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HTML5 <audio> or <video> player with Flash and Silverlight shims that mimics the HTML5 MediaElement API, enabling a consistent UI in all browsers.
JavaScript ActionScript CSS HTML C#

README.md

<video> and <audio> made easy.

One file. Any browser. Same UI.

Installation and Usage

MediaElementPlayer: HTML5 <video> and <audio> player

A complete HTML/CSS audio/video player built on top MediaElement.js and jQuery. Many great HTML5 players have a completely separate Flash UI in fallback mode, but MediaElementPlayer.js uses the same HTML/CSS for all players.

Change Log

Changes available at [changelog.md]

1. Add Script and Stylesheet

<script src="jquery.js"></script>
<script src="mediaelement-and-player.min.js"></script>
<link rel="stylesheet" href="mediaelementplayer.css" />

2. Add <video> or <audio> tags

If your users have JavaScript and/or Flash, the easiest route for all browsers and mobile devices is to use a single MP4 or MP3 file.

<video src="myvideo.mp4" width="320" height="240"></video>
<audio src="myaudio.mp3"></audio>

Optional: multiple codecs

This includes multiple codecs for various browsers (H.264 for IE9+, Safari, and Chrome, WebM for Firefox 4 and Opera, Ogg for Firefox 3).

<video width="320" height="240" poster="poster.jpg" controls="controls" preload="none">
    <source type="video/mp4" src="myvideo.mp4" />
    <source type="video/webm" src="myvideo.webm" />
    <source type="video/ogg" src="myvideo.ogv" />
</video>

Optional: Browsers with JavaScript disabled

In very rare cases, you might have an non-HTML5 browser with Flash turned on and JavaScript turned off. In that specific case, you can also include the Flash <object> code.

<video width="320" height="240" poster="poster.jpg" controls="controls" preload="none">
    <source type="video/mp4" src="myvideo.mp4" />
    <source type="video/webm" src="myvideo.webm" />
    <source type="video/ogg" src="myvideo.ogv" />
    <object width="320" height="240" type="application/x-shockwave-flash" data="flashmediaelement.swf">
        <param name="movie" value="flashmediaelement.swf" />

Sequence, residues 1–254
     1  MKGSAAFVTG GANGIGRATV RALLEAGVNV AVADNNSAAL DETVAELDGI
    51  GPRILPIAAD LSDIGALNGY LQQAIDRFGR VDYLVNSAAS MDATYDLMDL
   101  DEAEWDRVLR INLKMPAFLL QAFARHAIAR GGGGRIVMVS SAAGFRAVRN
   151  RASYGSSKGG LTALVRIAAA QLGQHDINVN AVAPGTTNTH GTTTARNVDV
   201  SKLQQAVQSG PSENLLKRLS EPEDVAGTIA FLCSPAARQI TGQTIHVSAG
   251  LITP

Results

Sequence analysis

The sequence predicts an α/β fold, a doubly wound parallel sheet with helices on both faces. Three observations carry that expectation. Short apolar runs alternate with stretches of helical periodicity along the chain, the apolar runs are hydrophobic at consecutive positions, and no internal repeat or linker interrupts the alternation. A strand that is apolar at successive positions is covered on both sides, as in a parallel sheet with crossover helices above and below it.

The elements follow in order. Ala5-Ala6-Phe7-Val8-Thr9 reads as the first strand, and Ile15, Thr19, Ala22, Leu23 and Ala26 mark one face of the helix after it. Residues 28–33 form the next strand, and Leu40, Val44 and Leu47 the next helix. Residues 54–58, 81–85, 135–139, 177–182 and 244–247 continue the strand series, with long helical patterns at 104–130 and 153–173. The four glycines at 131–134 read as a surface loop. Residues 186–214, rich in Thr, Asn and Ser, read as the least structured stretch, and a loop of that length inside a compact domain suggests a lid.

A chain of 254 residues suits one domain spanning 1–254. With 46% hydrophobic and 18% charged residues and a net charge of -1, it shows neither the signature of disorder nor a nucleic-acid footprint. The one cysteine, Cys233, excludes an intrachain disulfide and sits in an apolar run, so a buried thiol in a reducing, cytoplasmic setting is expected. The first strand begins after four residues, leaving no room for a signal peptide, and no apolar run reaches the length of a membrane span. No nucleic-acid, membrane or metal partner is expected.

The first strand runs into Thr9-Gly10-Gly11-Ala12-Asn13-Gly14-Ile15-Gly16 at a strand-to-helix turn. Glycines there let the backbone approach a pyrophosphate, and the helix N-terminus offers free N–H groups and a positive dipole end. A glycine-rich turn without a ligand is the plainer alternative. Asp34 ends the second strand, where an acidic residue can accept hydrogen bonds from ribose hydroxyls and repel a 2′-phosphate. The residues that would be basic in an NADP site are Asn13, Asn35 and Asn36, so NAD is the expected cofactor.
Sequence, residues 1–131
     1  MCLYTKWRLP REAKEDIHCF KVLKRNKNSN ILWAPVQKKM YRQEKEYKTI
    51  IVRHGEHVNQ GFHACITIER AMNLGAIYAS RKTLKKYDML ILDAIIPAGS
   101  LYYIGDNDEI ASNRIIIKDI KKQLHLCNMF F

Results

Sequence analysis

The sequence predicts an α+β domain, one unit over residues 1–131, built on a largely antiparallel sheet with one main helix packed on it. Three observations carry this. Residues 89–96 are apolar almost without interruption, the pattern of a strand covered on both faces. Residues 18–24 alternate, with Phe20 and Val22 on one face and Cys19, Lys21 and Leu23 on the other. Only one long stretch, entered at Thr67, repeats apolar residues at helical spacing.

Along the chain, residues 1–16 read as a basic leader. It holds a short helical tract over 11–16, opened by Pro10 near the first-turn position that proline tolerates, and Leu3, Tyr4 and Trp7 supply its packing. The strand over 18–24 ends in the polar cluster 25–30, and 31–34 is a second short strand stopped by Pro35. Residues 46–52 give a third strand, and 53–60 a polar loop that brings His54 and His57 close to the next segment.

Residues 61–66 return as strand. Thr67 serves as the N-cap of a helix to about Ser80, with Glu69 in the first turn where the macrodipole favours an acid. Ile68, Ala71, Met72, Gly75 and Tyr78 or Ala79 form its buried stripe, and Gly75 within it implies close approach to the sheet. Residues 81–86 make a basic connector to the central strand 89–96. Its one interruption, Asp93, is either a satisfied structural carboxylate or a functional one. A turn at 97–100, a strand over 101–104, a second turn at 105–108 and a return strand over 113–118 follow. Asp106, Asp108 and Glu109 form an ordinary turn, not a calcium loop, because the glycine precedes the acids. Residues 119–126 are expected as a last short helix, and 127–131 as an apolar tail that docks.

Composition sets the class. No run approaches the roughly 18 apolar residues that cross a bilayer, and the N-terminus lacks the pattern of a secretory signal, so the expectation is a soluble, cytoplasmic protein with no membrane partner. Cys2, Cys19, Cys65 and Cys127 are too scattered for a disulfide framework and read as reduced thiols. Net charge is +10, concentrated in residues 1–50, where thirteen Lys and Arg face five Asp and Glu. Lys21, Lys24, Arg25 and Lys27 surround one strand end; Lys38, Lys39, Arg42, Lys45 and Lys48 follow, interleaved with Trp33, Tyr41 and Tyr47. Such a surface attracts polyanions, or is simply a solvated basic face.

<param name="flashvars" value="controls=true&amp;poster=myvideo.jpg&amp;file=myvideo.mp4" />        
        <img src="myvideo.jpg" width="320" height="240" title="No video playback capabilities" />
    </object>
</video>

3. Startup

Automatic start

You can avoid running any startup scripts by added class="mejs-player" to the <video> or <audio> tag. Options can be added using the data-mejsoptions attribute

<video src="myvideo.mp4" width="320" height="240" 
        class="mejs-player" 
        data-mejsoptions='{"alwaysShowControls": true}'></video>

Normal JavaScript

<script>
var player = new MediaElementPlayer('#player', {success: function(mediaElement, originalNode) {
    // do things
}});
</script>   

jQuery plugin

<script>
$('video').mediaelementplayer({success: function(mediaElement, originalNode) {
    // do things
}});
</script>

How it Works:

MediaElement.js: HTML5 <video> and <audio> shim

MediaElement.js is a set of custom Flash and Silverlight plugins that mimic the HTML5 MediaElement API for browsers that don't support HTML5 or don't support the media codecs you're using. Instead of using Flash as a fallback, Flash is used to make the browser seem HTML5 compliant and enable codecs like H.264 (via Flash) and even WMV (via Silverlight) on all browsers.

<script src="mediaelement.js"></script>
<video src="myvideo.mp4" width="320" height="240"></video>

<script>
var v = document.getElementsByTagName("video")[0];
new MediaElement(v, {success: function(media) {
    media.play();
}});
</script>

You can use this as a standalone library if you wish, or just stick with the full MediaElementPlayer.

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